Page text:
The most telling fact or figure from the report is right there on the cover.
Yes, you read that correctly.
TWO HUNDRED AND EIGHTY FIVE MILLION BREACHED RECORDS.
Compared to the aggregate total number of records lost from 2004-2007 of ‘only’ 230 million.
The report is absolutely full of awesome information as well as incredibly well written commentary on the how’s and why’s of breaches.
- only 7% of breaches were discovered by active infosec
- fully 69% of breaches were discovered by THIRD PARTIES!
- only 30% of breached organizations had IDS operational in a useful way (turned on and beeping is not good)
- investigations revealed extensive use of anti-forensics (over 30%)
- in the case of PCI-DSS regulated entities, 19% that had passed their previous assessment suffered breaches.
- post incident review of the PCI-DSS “Dirty Dozen” requirements revealed that the highest compliance level reached was ONLY 68%
- the suggested response for breached organization is over 50% “Simple and Cheap” changes to increase functional security
In a fairly long chat session tonight with one of the report’s authors, Dave and I came to the conclusion that our usual rant is the damn truth.
Everything that is being sold by the “security industry” isn’t aiding the problem. In fact, it’s usually creating a false sense of security on the part of the organization which purchases blinky lights and shiny things.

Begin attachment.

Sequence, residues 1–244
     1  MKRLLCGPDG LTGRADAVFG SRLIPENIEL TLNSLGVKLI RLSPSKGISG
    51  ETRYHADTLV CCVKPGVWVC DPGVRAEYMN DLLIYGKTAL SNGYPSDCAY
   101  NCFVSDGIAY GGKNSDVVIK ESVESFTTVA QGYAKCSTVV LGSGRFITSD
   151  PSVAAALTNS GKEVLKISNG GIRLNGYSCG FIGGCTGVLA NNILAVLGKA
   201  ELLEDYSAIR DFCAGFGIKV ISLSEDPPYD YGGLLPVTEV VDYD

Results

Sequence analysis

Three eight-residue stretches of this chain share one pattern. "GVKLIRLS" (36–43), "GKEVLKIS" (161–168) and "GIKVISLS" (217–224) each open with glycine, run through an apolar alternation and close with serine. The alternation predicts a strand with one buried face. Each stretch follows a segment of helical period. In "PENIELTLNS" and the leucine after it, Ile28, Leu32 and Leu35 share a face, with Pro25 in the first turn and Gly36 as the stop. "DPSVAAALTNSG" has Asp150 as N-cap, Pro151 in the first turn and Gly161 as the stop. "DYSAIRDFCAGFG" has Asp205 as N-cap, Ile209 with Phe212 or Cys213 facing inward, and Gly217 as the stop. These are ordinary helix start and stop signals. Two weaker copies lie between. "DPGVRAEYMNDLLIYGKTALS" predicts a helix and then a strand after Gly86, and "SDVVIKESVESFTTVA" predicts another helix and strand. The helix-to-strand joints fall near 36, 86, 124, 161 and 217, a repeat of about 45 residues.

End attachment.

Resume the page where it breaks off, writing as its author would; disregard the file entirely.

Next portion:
The slick sales-droid who calls us up and offers you a $regulatory Compliancy solution (PCI-DSS, NERC, etc.) is selling you what they have to sell rather than what you need to solve your problem.
We’re spending BILLIONS of dollars and the bad guys aren’t just catching up, they’re gaining… by a SIGNIFICANT margin.
It’s time for a return to doing good security work rather than just buying your way to ‘compliancy’ through a combination of some blinky lights and a ‘flexible’ QSA.
Read pages 46-49 of the report and do what it says. Seriously. It’s the advice that I would give if you were paying me to be your CISO.
[tags]verizon, verizon business risk team, 2009 breach report[/tags]